Manga Review: Case Closed Volume 13

Case Closed Volume 13 is a manga by Gosho Aoyama, and it was published in North America by Viz Media in 2006. The series is rated “T+” for older teens; personally, I would agree with this rating.

Case Closed Volume 13
Written by: Gosho Aoyama
Publisher: Shogakukan
English Publisher: VIZ Media
Release Date: September 19, 2006

High school student Jimmy Kudo is a teen detective who was shrunk down to his first grade self after being caught by a crime organization and forced to take an experimental poison. Unknown to the criminals, Jimmy survived; in order to hide this fact, Jimmy takes on the identity of Conan Edogawa, and claims to be the relative of family friend Dr. Agasa. As Conan, Jimmy lives with his friend Rachel Moore and her bumbling private investigator father, Richard; however, Rachel doesn’t know Conan’s true identity. As Conan, Jimmy has been able to covertly help Richard solve the cases that come his way.

Volume 13 opens with the solution to the murder mystery at the Sherlock Holmes tour that began near the end of Volume 12, and I have to say that the murderer was rather clever overall. This mystery is also important to the Case Closed universe because Harley finally learns the truth about Conan’s identity.

The first new mystery in Volume 13 sees Conan and Rachel joining Serena at her family’s beach house. While they’re there, they run into Serena’s sister’s finace Yuzo Tomizawa and his father. That night, Yuzo’s father is murdered in front of Serena’s family’s beach house, and it turns out that Yuzo and his brothers (who are triplets) are the suspects. Conan must take all the clues that come out and figure out who the real murderer is.

This is a mystery I was already familiar with from seeing it in the anime series. It’s a mystery where you have to unravel three alibis and figure out which brother isn’t telling the truth. Unfortunately, I had hard time figuring this one out when I first saw it in the anime, because they key to unraveling the mystery relied on knowledge that I didn’t know before watching the episode, and only learned when Conan mentions it.

Next is a murder mystery involving a painter and the female illustrator that he’s been having an affair with. When she threatens to reveal the truth behind many of the paintings that will be appearing in his upcoming published collection, he attacks her and accidentally kills her. The audience already knows he’s the killer before Conan even learns of the mystery, but Conan has to figure out what actually happened.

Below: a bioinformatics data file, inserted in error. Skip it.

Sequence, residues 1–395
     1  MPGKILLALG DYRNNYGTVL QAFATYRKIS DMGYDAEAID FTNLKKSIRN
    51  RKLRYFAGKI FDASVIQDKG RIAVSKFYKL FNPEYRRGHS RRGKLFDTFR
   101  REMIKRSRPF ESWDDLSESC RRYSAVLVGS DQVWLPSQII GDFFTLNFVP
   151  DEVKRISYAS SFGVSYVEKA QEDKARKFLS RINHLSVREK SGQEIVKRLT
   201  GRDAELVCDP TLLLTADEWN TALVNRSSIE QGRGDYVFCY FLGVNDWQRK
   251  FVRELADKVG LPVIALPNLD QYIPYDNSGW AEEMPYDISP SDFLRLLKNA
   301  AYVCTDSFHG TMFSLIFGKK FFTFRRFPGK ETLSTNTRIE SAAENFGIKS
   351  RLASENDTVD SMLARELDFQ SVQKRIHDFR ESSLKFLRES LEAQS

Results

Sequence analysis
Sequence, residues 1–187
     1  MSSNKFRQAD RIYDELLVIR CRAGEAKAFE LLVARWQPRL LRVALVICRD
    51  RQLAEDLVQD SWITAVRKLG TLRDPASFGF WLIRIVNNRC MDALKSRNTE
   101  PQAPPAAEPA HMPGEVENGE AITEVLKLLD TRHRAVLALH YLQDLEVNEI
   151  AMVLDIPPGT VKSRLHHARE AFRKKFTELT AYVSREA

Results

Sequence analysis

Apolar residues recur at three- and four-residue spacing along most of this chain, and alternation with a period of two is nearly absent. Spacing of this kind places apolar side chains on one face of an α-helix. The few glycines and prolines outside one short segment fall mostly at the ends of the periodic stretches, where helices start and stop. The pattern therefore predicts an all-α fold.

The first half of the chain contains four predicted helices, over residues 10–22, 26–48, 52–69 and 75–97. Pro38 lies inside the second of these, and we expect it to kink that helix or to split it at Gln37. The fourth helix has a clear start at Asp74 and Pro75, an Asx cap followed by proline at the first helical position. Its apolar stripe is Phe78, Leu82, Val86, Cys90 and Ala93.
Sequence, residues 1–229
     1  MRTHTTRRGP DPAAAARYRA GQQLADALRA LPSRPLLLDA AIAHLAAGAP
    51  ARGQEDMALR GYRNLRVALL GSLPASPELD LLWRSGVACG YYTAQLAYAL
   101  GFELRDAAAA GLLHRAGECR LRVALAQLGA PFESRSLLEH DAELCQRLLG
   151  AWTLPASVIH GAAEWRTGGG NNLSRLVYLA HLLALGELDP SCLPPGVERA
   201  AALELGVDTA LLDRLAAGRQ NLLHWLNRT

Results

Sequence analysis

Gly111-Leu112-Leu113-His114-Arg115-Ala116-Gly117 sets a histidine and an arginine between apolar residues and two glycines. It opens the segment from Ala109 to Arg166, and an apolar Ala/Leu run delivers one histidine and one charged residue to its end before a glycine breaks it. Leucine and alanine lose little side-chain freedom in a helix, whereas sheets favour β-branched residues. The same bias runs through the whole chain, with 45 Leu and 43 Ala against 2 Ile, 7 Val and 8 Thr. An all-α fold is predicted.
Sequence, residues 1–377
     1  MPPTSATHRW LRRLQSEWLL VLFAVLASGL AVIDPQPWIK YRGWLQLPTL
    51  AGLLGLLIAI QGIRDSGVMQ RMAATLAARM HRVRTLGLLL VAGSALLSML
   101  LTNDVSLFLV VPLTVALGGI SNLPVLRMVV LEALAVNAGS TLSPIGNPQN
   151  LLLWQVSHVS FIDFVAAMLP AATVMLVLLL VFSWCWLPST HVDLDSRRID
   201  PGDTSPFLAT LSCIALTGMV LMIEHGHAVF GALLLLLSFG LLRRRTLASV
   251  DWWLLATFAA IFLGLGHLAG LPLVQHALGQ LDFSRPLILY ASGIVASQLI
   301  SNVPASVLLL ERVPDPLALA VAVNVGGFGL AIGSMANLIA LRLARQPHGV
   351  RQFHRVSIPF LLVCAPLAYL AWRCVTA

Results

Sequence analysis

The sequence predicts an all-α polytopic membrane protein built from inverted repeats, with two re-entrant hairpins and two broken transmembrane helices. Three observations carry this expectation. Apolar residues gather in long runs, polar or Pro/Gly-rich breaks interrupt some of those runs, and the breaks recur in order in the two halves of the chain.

This is another mystery that I already knew from watching the Case Closed anime series. This is one of those mysteries where the audience already knows who actually committed the murder, but doesn’t know how the painter made it look like she jumped off her balcony to commit suicide instead of having been clubbed to death. To me, the enjoyment of this particular mystery was trying to deduce how the painter pulled off this trick and seeing Conan try to prove that the painter was guilty.

In the final mystery in Volume 13, Dr. Agasa takes the Junior Detective League to the set of the Gomera movie, which is being directed by one of his friends. Besides meeting some of the cast and staff, the kids also witness the producer declaring that this will be the last Gomera film. Later, someone dressed in a Gomera suit attacks the producer and murders him on the set. Conan and the other members of the Junior Detective League witness Gomera making a getaway. Together, they must piece together and the clues and figure out who the guilty party is.

This was also another mystery that I first saw in the anime series. When I first saw the story in the anime, I had basically narrowed the suspect down to two people. Unfortunately, the true culprit ended up being the one I didn’t want it to be, and I felt bad for the Junior Detective League for having to witness this particular suspect committing this crime.

Aoyama continues to tell compelling mysteries, and most of them keep the reader guessing until the answer is revealed. His writing style keeps the Case Closed series from feeling formulaic and keeps the reader wanting to come back for more.

If you’ve read and enjoyed previous volumes of Case Closed, then I think you’ll enjoy reading Volume 13.

I wrote this review after reading a copy of Case Closed Volume 13 that I checked out through the King County Library System.

Additional posts about Case Closed:

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